Pictures taken on board showed him grinning as he sat in seat 31E during the commercial flight, flanked by two federal police officers, and was served chicken and vegetables alongside members of the public.
At the time, it had been unclear what would happen to him once he touched down in the North African country.
El-Motassadeq’s involvement in the September 11 attacks was the subject of five years of trials, with multiple convictions, appeals and overturned verdicts.
He had arrived in Germany as a 19-year-old student in 1993, and studied electrical engineering at Hamburg’s Technical University.
German prosecutors believe he met Mohamed Atta there and stayed friends with him while Atta founded a radical Islamic group with links to Al Qaeda.
El-Motassadeq was arrested in Germany two months after 9/11. Investigators discovered he had power of attorney over a bank account owned by Marwan al-Shehhi, the pilot of one of two planes flown into the World Trade Center.
He also arranged a bank transfer for some of the cell’s members and knew when they were in the US, where they acquired their flight training.
That led prosecutors to label him the group’s treasurer and an accomplice to their attacks.
He was first convicted in 2003 of membership of a terrorist organisation and 3,066 counts of accessory to murder related to the 9/11 deaths.
After several overturned verdicts and appeals he was finally jailed in 2006, with the number of counts limited to the 246 people killed aboard the four planes.
The courts ruled he was aware Atta, al-Shehhi and Ziad Jarrah – three of the 9/11 hijackers – planned to take over and crash the planes, even though he might not have known the specifics of the plot.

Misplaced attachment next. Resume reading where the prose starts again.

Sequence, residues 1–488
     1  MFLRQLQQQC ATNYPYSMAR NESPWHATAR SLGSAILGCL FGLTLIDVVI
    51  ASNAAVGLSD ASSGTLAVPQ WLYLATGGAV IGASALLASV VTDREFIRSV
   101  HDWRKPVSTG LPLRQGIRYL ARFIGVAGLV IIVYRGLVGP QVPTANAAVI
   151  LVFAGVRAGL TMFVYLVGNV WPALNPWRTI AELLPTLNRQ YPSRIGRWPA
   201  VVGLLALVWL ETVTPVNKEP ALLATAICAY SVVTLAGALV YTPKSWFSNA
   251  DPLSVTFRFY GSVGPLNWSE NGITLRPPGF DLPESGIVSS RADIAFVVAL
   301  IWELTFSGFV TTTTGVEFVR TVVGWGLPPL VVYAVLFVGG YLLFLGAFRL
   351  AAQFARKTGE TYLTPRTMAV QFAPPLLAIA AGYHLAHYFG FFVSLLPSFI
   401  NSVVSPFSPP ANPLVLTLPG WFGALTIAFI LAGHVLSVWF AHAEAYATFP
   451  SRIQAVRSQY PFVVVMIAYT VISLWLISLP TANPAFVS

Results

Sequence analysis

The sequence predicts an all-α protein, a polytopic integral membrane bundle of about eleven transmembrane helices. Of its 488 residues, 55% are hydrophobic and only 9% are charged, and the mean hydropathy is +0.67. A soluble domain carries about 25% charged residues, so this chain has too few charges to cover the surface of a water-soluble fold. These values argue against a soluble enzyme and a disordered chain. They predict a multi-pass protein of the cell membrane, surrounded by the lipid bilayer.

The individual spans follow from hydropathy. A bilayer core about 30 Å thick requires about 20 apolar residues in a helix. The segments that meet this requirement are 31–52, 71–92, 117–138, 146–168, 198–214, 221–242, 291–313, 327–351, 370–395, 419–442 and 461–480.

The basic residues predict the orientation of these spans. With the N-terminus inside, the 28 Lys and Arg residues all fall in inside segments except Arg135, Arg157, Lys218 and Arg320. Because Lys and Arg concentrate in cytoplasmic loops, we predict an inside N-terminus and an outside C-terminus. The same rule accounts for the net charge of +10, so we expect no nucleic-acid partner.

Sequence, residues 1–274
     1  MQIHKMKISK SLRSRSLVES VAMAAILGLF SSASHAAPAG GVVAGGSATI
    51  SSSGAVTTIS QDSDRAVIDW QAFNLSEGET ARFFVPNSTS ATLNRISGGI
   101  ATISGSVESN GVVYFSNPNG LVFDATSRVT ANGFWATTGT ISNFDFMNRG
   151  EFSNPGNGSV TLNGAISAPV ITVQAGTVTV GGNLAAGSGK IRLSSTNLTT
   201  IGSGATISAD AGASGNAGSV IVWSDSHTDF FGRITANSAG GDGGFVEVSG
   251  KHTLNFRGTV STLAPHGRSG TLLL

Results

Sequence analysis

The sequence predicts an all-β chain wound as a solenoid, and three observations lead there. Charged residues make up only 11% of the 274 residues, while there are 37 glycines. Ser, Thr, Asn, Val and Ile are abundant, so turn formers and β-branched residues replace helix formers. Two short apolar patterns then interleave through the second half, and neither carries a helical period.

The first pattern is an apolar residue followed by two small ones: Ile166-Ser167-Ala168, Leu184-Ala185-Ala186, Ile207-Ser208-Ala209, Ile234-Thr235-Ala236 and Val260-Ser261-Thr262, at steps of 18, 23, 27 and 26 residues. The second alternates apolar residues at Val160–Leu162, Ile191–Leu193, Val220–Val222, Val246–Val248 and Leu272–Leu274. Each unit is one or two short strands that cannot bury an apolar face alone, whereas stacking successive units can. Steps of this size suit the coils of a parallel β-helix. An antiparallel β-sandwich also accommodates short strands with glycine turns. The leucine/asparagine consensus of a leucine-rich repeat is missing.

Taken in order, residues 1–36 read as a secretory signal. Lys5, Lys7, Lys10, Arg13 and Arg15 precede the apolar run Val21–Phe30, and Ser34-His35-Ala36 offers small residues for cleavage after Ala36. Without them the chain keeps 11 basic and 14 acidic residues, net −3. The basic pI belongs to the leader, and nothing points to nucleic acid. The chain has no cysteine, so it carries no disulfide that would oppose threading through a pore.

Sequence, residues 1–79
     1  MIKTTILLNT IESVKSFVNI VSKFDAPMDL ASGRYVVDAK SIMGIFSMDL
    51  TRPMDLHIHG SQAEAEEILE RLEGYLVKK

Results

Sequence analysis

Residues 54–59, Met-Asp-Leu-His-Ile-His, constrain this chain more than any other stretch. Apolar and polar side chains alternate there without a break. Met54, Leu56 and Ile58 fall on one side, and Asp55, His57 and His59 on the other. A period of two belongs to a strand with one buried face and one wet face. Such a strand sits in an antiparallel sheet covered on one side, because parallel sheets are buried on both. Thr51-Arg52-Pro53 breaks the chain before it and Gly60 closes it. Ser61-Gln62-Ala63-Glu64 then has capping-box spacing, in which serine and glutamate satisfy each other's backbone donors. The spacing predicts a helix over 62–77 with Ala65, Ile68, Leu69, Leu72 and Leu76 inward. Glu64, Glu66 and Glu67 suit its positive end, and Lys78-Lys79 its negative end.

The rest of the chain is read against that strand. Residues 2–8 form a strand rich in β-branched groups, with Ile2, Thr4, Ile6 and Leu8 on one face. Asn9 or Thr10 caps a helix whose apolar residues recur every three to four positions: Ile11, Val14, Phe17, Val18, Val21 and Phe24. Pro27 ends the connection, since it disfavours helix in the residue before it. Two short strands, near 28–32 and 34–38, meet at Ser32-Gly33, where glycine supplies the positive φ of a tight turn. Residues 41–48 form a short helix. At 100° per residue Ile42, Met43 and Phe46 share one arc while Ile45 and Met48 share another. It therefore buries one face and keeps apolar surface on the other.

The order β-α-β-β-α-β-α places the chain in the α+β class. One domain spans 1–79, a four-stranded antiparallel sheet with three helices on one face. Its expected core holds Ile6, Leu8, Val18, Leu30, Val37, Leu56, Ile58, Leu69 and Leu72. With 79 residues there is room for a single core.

Prosecutors said he had helped ‘watch the attackers’ backs and conceal them’ by paying their tuition fees and rent and transferring money.
This was so they could keep up appearances as students in Germany as they plotted, it was said.
El-Motassadeq, who always maintained he was not aware of the plots, shouted in German at a sentencing hearing: ‘I swear by God that I did not know what they wanted to do.’
He had admitted attending an Al Qaeda training camp sponsored by Osama Bin Laden in Afghanistan in 2000 and having signed Atta’s will.
The US government made more than 1,200 arrests in the months after 9/11. But others suspected of being involved in the planning of the attacks have been stuck in legal limbo.
The only other man to be tried and convicted of criminal involvement is Zacarias Moussaoui.
The French-Moroccan is serving six life sentences in a maximum security prison dubbed the ‘Alcatraz of Colorado’ after pleading guilty to being part of the plot.
He had been arrested less than a month before the attacks on August 16 on a minor immigration charge.
He had aroused suspicion while taking flight lessons in Oklahoma, and was questioned by FBI agents.
At his December trial he denied involvement in the plots but four years later confessed to being part of the 9/11 terrorist plot and said had been planning to fly a fifth plane into the White House.
The case against the alleged mastermind of 9/11 and his co-plotters could drag on for years.
Khalid Sheikh Mohammed, the self-described architect of the attacks, and his four alleged co-conspirators, are still awaiting trial. Mohammed – who was arrested in 2003 – is currently at the US jail in Guantanamo Bay, Cuba, and prosecutors say jury selection in his trial could start in January.
It is alleged the other men – Walid bin Attash, Ramzi bin al-Shibh, Ammar al-Baluchi and Mustafa al-Hawsawi – trained hijackers.
El-Motassadeq is banned from re-entering Germany until 2064. Hamburg’s interior minister Andy Grote said: ‘It’s a good feeling to know that Mr Motassadeq is out of the country.’
The Hamburg cell he was part of was a group of radical Islamists including students based in the German city who eventually became key operatives in the 9/11 attacks.
Important members included Atta, who led the four hijacking teams and piloted American Airlines Flight 11, which flew into the North Tower of the World Trade Center; al-Shehhi, who piloted United Airlines Flight 175 which hit the South Tower; and Jarrah, who flew United Airlines Flight 93 which crashed in a field in Pennsylvania after passengers thwarted an attempt to attack Washington DC.